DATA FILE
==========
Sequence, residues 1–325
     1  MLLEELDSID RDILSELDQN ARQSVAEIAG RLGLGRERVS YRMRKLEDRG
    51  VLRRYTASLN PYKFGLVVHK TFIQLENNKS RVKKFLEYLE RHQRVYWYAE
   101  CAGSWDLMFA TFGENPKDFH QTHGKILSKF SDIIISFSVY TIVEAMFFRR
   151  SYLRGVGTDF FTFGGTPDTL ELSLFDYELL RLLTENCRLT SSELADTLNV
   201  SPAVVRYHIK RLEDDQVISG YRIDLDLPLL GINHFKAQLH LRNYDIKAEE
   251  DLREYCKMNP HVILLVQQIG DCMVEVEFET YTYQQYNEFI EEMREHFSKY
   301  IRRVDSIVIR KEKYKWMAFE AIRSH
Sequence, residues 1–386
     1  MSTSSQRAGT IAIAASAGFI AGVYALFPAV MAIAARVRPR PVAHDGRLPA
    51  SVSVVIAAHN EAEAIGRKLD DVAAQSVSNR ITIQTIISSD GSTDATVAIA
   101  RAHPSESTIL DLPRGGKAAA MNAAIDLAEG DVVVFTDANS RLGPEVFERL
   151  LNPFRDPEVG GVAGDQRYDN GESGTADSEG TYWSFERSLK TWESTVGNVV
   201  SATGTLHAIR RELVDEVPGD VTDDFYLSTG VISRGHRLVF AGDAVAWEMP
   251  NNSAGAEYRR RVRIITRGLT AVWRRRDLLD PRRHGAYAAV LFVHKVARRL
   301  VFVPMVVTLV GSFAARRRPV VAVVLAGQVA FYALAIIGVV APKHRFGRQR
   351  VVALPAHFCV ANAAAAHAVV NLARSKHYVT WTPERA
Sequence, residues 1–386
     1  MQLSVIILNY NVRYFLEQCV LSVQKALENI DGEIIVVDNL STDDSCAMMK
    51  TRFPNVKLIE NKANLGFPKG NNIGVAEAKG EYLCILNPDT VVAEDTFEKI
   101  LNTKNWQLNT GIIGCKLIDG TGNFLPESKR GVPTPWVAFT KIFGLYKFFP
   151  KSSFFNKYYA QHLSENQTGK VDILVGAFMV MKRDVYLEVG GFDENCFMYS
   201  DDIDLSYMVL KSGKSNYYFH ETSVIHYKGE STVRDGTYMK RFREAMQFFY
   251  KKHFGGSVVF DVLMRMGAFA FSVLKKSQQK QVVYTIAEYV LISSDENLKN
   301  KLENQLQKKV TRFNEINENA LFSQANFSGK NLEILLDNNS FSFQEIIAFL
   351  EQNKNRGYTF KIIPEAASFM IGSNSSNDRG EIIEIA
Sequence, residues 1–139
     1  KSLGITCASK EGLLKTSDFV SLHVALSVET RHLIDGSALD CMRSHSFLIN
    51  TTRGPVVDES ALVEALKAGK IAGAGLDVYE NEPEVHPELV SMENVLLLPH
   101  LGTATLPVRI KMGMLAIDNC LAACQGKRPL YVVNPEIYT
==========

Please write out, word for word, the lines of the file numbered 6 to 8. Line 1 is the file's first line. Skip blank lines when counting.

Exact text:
   201  SPAVVRYHIK RLEDDQVISG YRIDLDLPLL GINHFKAQLH LRNYDIKAEE
   251  DLREYCKMNP HVILLVQQIG DCMVEVEFET YTYQQYNEFI EEMREHFSKY
   301  IRRVDSIVIR KEKYKWMAFE AIRSH